When you write a widely published book, you put your thoughts out for all to see. If you write about a controversial subject or a sensitive group of people, you take an extra risk.
In His Right Hand, someone murders a member of Mormon Bishop Kurt Wallheim’s Draper, Utah, bishopric council.
The investigation reveals a devastating secret about the victim.
Bishop Wallheim’s wife Linda sets out to help solve the murder. In so doing, she gives a detailed description of the working of the Mormon church.
She also describes the role of women in the church. Linda Wallheim goes way beyond the expected role.
I am being intentionally vague about the plot of this book. The reader should find out for him/herself what the victim’s secret issue is. And the reader should make a way through the ups and downs of the plot.
For me, the religious part of the story was paramount. I saw holes in the overall plotting. I thought Linda Wallheim took liberties I wonder if a Bishop’s wife could (or should) take. But I kept on reading. (In several places, I could hardly stop reading.)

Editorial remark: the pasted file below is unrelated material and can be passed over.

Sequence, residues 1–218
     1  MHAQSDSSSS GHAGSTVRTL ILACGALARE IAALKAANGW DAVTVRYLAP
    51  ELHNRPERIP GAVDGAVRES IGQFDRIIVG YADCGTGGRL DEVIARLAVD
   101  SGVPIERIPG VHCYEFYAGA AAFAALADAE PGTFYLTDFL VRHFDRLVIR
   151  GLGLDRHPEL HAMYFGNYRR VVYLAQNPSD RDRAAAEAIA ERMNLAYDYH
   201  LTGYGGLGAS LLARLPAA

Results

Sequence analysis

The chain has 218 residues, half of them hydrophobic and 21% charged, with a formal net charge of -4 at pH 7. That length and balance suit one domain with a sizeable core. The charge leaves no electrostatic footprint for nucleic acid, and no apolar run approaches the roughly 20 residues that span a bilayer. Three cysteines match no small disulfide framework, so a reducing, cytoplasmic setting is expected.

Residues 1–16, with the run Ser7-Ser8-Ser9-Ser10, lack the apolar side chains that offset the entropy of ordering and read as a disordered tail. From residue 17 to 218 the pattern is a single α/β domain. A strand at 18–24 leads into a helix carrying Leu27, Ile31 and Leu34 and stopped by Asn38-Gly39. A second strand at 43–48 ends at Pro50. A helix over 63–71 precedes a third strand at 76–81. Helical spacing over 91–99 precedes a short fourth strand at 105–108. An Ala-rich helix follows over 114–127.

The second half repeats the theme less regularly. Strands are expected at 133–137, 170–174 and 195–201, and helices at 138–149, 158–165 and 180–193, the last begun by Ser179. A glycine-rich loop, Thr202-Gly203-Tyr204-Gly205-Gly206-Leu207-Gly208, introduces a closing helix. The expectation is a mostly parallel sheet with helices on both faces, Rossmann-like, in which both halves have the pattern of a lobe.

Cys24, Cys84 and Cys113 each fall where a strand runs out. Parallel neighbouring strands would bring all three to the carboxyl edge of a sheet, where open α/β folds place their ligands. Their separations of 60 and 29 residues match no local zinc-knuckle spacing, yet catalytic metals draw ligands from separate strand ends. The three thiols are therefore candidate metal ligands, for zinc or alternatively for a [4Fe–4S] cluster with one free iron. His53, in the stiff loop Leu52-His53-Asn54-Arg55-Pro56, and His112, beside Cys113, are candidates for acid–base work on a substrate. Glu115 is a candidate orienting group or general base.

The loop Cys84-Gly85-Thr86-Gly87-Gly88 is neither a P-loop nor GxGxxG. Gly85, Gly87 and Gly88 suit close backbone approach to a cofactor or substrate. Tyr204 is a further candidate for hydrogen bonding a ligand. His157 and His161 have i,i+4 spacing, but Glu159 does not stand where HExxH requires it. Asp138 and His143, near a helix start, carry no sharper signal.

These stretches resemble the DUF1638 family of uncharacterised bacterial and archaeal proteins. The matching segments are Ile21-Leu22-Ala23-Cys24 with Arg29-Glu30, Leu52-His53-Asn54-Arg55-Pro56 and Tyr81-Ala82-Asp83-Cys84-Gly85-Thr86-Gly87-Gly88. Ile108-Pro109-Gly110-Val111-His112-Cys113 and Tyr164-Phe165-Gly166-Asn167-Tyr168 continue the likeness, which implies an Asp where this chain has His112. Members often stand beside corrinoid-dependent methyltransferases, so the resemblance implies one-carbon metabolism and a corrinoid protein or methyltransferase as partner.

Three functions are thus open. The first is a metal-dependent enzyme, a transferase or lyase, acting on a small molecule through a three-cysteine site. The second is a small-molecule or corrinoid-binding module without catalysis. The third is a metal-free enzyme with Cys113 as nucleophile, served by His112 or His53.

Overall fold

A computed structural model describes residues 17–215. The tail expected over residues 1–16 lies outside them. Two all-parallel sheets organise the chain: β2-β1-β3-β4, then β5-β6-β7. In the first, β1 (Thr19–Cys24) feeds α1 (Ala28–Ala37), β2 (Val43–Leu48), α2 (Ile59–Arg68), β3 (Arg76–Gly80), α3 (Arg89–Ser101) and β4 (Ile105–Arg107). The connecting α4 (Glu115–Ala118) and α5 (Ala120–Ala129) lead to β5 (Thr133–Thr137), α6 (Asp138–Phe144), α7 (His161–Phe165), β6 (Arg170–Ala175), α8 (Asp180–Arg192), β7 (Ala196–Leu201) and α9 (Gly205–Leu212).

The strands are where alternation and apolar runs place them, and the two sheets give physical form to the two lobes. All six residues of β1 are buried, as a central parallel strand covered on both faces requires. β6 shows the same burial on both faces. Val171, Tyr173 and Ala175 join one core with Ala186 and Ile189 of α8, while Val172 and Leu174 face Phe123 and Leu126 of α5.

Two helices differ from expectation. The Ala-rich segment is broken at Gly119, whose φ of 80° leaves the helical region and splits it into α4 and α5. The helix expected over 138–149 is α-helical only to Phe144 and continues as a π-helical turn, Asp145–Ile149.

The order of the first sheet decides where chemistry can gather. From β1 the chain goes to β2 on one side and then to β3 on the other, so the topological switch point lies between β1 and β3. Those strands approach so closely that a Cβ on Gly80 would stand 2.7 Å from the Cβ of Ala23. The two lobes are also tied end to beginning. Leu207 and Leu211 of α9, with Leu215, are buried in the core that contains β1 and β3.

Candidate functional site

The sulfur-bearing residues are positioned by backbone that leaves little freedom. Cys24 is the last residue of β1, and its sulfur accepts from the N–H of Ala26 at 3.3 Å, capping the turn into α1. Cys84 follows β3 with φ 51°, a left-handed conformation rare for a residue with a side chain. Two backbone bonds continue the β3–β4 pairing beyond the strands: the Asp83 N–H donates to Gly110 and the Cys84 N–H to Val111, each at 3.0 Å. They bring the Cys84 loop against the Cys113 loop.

Matte Ivie Harrison seems to be much like her protagonist. She seems to be a faithful Mormon who would expand the role of women in the church. She would also widen the church’s vision. And her plot shows how she feels.
As a person who has written a commercially published book himself, I understand how far and wide an author’s book can go. (Even a book that didn’t sell well, as mine didn’t.)
You receive letters and emails from people who have shared the experience you described and are complimentary. But you certainly hear from others on the other side.